When President Joe Biden arrives in Saudi Arabia Friday, the first clues about his visit will be visible on the airport tarmac, where US leaders have received markedly different welcomes.
Following Biden's oft-cited comment about making Saudi a "pariah", here is a look at how the Saudis have greeted some of his predecessors during the ups and downs of a stormy bilateral relationship.
- A kiss for George W. -
George W. Bush waited until the last year of his term to visit the kingdom, then came twice in the span of four months, pressing for more oil output as energy prices skyrocketed.
King Abdullah greeted Bush warmly at the airport in May 2008, showing no signs of the tensions that had roiled their 2002 meeting at Bush's Texas ranch –- when Abdullah, then crown prince, threatened to storm out over disagreements about the Israeli-Palestinian conflict.
After Bush and his wife Laura descended from Air Force One, Abdullah kissed the president on both cheeks, in a traditional Arab greeting, and a military brass band played the American national anthem.
But the Saudi leadership refused to give ground on oil. Much like today, Saudi officials said they did not believe there was a supply shortage and that market fundamentals were "sound".
- Obama's downgrade -
President Barack Obama first came to Riyadh in 2009, less than five months after being sworn in, for a quick stop ahead of a much-hyped speech in Cairo intended to rehabilitate Washington's image in the Muslim world after the Bush years.
The visit was partly symbolic. Obama, following the customary cheek-kissing and anthem-playing, was publicly seeking the advice of Saudi Arabia -- home to the holiest sites in Islam -- before reorienting American engagement with the region.
But Obama was also trying to coordinate a strategy to address Iran's nuclear programme and looking to advance normalisation between Arab countries and Israel, said Dan Shapiro, then-senior director on the National Security Council.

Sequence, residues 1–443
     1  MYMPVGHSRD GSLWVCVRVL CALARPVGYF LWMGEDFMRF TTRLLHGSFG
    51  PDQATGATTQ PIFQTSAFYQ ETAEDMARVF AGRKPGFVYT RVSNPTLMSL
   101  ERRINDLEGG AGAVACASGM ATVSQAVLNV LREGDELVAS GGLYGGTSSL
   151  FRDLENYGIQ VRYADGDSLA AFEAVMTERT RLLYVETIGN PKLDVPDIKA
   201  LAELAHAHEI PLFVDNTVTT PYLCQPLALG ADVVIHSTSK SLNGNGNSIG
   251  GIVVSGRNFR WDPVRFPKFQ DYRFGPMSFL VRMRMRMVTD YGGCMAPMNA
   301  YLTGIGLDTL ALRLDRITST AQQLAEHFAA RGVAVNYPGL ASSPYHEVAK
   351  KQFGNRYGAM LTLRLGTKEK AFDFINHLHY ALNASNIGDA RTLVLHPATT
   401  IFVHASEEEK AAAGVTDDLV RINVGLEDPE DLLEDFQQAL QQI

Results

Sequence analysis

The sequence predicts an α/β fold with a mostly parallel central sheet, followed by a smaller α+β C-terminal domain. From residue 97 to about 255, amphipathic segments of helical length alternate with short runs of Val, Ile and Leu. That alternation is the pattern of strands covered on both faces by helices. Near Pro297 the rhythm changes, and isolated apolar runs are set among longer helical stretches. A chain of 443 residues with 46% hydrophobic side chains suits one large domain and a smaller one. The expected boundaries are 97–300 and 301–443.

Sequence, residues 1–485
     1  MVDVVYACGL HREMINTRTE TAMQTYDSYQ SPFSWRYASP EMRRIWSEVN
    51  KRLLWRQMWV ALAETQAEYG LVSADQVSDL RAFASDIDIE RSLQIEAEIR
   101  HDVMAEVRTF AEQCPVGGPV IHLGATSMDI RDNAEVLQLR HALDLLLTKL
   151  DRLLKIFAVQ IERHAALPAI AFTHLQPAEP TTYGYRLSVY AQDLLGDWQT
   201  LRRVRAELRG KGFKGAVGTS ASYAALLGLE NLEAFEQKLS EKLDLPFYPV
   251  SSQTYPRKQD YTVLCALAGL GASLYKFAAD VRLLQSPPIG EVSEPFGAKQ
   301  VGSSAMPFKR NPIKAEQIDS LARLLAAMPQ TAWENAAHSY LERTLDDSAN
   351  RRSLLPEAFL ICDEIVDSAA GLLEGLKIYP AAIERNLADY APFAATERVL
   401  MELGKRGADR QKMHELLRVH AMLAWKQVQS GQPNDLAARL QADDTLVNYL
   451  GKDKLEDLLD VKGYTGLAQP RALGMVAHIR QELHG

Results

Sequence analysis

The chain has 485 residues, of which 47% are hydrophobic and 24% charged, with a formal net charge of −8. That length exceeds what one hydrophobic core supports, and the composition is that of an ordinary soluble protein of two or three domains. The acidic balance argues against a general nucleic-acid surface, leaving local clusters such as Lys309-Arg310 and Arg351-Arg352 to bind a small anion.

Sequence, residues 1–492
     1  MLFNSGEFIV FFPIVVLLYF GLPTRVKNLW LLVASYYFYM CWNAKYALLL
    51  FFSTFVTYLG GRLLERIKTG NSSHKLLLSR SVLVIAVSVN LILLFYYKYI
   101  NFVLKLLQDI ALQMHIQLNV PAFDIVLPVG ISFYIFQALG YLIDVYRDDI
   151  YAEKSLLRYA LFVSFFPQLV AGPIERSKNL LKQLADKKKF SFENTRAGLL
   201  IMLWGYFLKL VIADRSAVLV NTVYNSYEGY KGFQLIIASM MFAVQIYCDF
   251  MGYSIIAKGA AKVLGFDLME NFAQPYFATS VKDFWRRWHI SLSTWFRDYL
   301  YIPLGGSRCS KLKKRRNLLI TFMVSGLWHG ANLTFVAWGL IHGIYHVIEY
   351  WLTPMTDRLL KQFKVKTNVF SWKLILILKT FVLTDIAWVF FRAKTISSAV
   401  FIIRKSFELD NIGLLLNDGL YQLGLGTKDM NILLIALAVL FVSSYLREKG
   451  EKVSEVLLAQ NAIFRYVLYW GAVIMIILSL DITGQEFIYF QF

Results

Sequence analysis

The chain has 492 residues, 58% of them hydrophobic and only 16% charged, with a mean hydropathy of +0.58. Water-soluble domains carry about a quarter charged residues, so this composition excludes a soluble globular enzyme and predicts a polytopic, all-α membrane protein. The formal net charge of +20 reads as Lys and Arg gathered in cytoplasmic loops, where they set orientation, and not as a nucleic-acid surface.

On the latter question, "Abdullah was not receptive, and he made clear that he was not prepared to make any significant moves in that direction", said Shapiro, now with the Atlantic Council think tank.
US-Saudi ties grew chilly under Obama as the 2015 deal to curb Iran's nuclear programme took shape.
For a visit in 2016, towards the end of Obama's term, King Salman –- who took power the previous year after Abdullah's death –- sent the governor of Riyadh to meet him on the tarmac, and Obama's arrival was not broadcast on state television.
- Trump-era glow -
That greeting was a far cry from the effusive reception given to President Donald Trump, who chose Saudi Arabia for his first foreign trip the following year.
Saudi rulers lavished the Trump family with gifts, a sword dance and a fly-past of air force jets.
But the stop will forever be remembered for the viral photo of Trump, King Salman and Egyptian leader Abdel Fattah al-Sisi with their hands on a translucent white globe at the opening of a Riyadh-based centre to combat extremist ideology.
The men kept their hands on the orb for nearly two full minutes, sending the internet into overdrive with parodies and memes.
"The welcome for Trump is likely to stand as the most overwhelming ever," said Bruce Riedel, author of the 2017 book "Kings and Presidents" examining US-Saudi ties.
The relationship suffered later in the Trump term, especially following what the Saudis perceived as Trump's tepid response to attacks on Saudi oil facilities in 2019 claimed by Iran-backed Huthi rebels in Yemen.
But Riedel said Saudi leaders remain "close" to key figures from the Trump era, notably his son-in-law Jared Kushner.
- A hug for Biden? -
Unlike during the Obama era, it would be unsurprising if Biden, 79, is welcomed at the airport by King Salman, 86, who spent much of the pandemic in relative isolation and has already been hospitalised twice this year.
The White House has said Biden will meet Crown Prince Mohammed bin Salman in the context of a larger discussion with King Salman's leadership team, but Riedel said there was a possibility the crown prince will also "be the welcome committee".
"The Saudis are determined that the visit is a validation of the crown prince. They control the venue," he said.
Riyadh dismisses the notion that Saudi leaders need a legitimacy boost from Biden, but the president can nonetheless expect to be received warmly, said Mohammed Alyahya, senior fellow at the Washington-based Hudson Institute.
"The Saudis realise that America is in a very confused time. Sometimes you hear irrational things that don't make sense. But there are larger, more important interests at play than focusing on something like that," Alyahya said.
"When your friends are being incoherent, sometimes you give them a hug."